And I echo backseatpilot in thinking we should use this as an excuse to have a meetup!
posted by rosa at 8:56 AM on January 20, 2011

Another rec for the Cambridgeport/Central area. Easy to take the Red Line to MGH and the 47 bus or LMA shuttle, both from Central, will take you right to LMA/Children's. And Central is my favorite neighborhood in the area, less gentrified than Harvard and Davis, not sterile like Kendall, nor slightly sleepy like Porter. $2500 for a two bedroom is more than enough for an apartment, too. Plus parking isn't the nightmare that Davis seems to be these days, not that you need a car (I never had one).
posted by 6550 at 8:58 AM on January 20, 2011 [1 favorite]

I like the area between Harvard and Porter Squares. You are between 2 stops on the Red Line which makes for quick commuting into MGH and Boston. It is also close to Harvard Square but has more conveniences like a supermarket. You are also still pretty close to the Charles River and not too far from Fresh Pond a nice park around the city reservoir. I also think that there is a decent neighborhood feel.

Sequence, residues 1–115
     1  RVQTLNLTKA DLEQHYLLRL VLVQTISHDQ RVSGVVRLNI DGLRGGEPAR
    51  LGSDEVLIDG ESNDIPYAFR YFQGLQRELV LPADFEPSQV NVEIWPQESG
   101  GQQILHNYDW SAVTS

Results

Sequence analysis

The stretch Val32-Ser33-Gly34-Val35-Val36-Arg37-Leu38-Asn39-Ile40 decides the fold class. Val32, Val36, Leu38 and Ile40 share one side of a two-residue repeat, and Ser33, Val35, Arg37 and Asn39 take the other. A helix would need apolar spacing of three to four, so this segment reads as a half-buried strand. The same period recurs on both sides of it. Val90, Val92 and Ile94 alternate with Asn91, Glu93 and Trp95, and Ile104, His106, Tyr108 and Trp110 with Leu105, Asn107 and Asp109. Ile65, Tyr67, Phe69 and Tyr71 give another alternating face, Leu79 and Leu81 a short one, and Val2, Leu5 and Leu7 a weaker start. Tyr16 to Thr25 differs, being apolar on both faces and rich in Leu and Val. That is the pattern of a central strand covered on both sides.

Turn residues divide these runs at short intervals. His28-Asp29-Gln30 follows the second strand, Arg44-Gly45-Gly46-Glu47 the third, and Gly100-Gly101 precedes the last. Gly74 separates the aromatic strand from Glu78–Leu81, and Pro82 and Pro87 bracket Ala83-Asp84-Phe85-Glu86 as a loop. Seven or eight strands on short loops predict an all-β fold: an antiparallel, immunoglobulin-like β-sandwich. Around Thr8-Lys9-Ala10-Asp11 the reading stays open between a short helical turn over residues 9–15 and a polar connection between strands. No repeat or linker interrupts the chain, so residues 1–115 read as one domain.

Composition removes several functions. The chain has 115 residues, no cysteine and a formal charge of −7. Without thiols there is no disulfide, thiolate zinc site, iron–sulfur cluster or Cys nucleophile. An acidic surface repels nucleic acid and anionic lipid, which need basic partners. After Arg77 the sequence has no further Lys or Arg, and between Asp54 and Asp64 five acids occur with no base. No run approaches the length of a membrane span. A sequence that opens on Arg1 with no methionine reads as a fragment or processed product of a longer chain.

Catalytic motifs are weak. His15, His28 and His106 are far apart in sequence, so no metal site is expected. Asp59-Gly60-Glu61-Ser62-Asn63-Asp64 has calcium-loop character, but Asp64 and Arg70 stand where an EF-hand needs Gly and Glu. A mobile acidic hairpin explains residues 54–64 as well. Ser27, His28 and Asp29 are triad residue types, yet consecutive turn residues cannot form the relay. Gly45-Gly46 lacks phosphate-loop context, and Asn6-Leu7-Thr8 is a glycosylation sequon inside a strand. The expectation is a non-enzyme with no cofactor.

This is probably a good time to look around because you can test out what your walk to public transportation would be like under winter conditions. The walk that might seem doable on a June day can feel like the Shackleton expedition on a cold January morning.

I also like the meetup idea!
posted by Athanasius at 9:12 AM on January 20, 2011

I'm living near Inman Sq. these days and liking it a lot. It may not be near any T lines directly -- you can take the 69 to either the Lechmere Green line stop or Harvard Square. There are plenty of interesting restaurants and cafes nearby. (I'm at Darwin's LTD at the moment). R. F. O'Sullivan and Sons is nearby and if I'm really in the mood for nice pizza or Portuguese food I can always walk to the far end of Hampshire and go to Atasca or Emma's.
posted by oonh at 9:30 AM on January 20, 2011

I used to live in Davis and work on Beacon Hill - on nice days it was a pleasure to walk home. It took maybe an hour and a half, maybe more depending if I stopped for a book or beer in Inman.
posted by robocop is bleeding at 9:46 AM on January 20, 2011